How To Get Over Being Dumped
I don’t know about you, but if I feel a headache coming on, I immediately pop a paracetamol.
Nowadays, that’s how most of us are. Whenever possible, we seek instant solutions to discomfort.Unfortunately, there is no ‘quick fix’ for the agony of rejection. I know this from past experience – and also because of the many heartbroken people I’ve seen in my consulting room over the years.
So, if you are distressed because you’ve been dumped, what can you do?
First you need to accept that the relationship really is over. You see, if you still think that one day he or she will turn up pleading for forgiveness, then you probably haven’t quite faced up to reality.
Unfortunately, accepting that the relationship truly is at an end is incredibly painful. So while you’re going through that phase you should treat yourself as though you’re recovering from major surgery or a car accident, and let your family and friends take care of you. Should you take anti-depressants? Frankly, in the early days it’s pretty pointless. These drugs take about a fortnight to kick in. And the harsh fact is that it’s entirely normal to suffer sadness when a relationship ends. So if you can avoid medicalising the problem, you probably should.
However, if after a fortnight you still can’t face people, or can’t stop crying, then you should definitely see your doctor. What about taking time off work? Well, you may need to – especially just after the split. Most GPs are used to signing-off patients for “stress”. And you might find it helpful – at least at first – to hide behind that diagnosis.
On the other hand, you may feel that work is the one aspect of your life that seems relevant and real – and helps you to feel needed. And this can matter a lot when you’re struggling with the concept of being unwanted by someone you thought really loved you.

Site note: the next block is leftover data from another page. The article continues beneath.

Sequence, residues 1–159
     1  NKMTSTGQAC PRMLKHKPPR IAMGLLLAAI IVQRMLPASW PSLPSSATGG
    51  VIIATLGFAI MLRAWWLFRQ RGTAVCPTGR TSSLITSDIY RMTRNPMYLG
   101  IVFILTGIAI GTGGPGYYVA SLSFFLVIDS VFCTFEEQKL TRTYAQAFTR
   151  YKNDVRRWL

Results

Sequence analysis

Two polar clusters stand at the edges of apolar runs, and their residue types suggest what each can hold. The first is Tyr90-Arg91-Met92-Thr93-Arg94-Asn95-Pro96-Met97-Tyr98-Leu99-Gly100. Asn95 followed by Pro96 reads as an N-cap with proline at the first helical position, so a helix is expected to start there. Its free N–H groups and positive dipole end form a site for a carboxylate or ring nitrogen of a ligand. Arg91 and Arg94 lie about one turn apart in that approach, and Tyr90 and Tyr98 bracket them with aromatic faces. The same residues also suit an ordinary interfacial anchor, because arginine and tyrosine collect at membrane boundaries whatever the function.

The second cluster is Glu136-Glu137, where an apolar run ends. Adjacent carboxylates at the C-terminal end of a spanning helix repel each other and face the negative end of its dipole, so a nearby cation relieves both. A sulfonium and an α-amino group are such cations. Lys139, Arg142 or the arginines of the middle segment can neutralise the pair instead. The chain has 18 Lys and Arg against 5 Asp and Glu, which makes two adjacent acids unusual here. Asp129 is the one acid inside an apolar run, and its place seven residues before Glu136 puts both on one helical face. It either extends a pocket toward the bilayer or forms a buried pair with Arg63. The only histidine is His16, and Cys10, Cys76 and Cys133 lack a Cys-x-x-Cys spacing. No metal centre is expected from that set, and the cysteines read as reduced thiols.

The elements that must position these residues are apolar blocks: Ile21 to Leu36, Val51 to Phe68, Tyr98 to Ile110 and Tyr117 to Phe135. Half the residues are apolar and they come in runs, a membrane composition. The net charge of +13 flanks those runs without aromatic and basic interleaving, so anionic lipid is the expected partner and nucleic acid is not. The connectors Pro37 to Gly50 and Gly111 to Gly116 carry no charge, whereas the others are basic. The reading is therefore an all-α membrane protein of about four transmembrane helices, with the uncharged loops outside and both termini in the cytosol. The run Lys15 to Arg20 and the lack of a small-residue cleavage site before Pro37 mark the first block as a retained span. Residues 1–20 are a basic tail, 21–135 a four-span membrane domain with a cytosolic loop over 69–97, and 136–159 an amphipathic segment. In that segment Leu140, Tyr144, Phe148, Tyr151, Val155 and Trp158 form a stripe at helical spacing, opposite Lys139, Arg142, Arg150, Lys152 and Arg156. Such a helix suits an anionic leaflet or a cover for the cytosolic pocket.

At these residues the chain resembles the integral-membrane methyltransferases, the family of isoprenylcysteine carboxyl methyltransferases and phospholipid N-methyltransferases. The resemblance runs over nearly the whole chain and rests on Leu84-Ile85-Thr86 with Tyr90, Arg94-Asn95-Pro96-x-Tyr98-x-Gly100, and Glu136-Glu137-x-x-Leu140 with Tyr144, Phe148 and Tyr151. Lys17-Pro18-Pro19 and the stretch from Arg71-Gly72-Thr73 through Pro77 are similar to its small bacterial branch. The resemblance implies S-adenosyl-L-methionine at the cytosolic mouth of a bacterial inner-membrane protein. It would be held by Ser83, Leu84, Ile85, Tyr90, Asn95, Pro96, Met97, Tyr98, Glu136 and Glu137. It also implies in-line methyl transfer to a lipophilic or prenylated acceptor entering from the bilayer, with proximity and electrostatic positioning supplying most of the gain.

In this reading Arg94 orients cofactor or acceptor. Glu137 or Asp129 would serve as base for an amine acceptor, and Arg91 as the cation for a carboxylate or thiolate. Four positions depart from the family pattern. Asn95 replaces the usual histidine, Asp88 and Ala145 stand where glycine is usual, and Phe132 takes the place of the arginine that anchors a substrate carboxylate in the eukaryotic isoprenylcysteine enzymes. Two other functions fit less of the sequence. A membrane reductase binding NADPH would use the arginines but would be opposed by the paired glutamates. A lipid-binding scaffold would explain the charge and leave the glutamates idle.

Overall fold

Good things to do:
• Eat healthily, even if there doesn’t seem much point.
• Exercise daily to release those “happy chemicals” called endorphins in your brain.
• Talk to your friends about your feelings – even if it means a phone call at two in the morning.
• Make a list of everything about your ex that you don’t miss. This can really help – especially if you add to the list every time you think of something new.
Bad things to do:
• Excessive drinking. This solves nothing – and will make you more miserable, not less.
• Indulging in irrational thinking. It’s easy to decide that not only have you been dumped (true), but that you’re going to be miserable and alone for ever (irrational assumption). You don’t have a crystal ball, therefore you can’t know that. So don’t compound your misery in this way.
• Having sex with your ex. In fact, this is probably the very worst thing you can do – and unfortunately, it can happen all too easily. Maybe your ex will come round to clear his or her belongings from your flat. Or, if you share children, might drop in to see them. Two glasses of wine later and you could well end up in bed for “old times’ sake”. But this will put your recovery back by weeks, and leave you more upset and confused than ever.
Sadly, you can’t rush the process of mending a broken heart, but after a few weeks, the fog of rejection will start to lift, and you’ll begin to embrace singledom with more enthusiasm – then you can plan a holiday, or arrange to see old friends, or sign up for that course you’ve been meaning to do for ages.
Eventually, you’ll realise that you’ve got through a whole day without thinking of your ex at all. And then the worst will be over.
Recently, I updated my book How to Mend a Broken Heart and it has now been republished by Bloomsbury Reader as an ebook. You can buy it from Amazon here.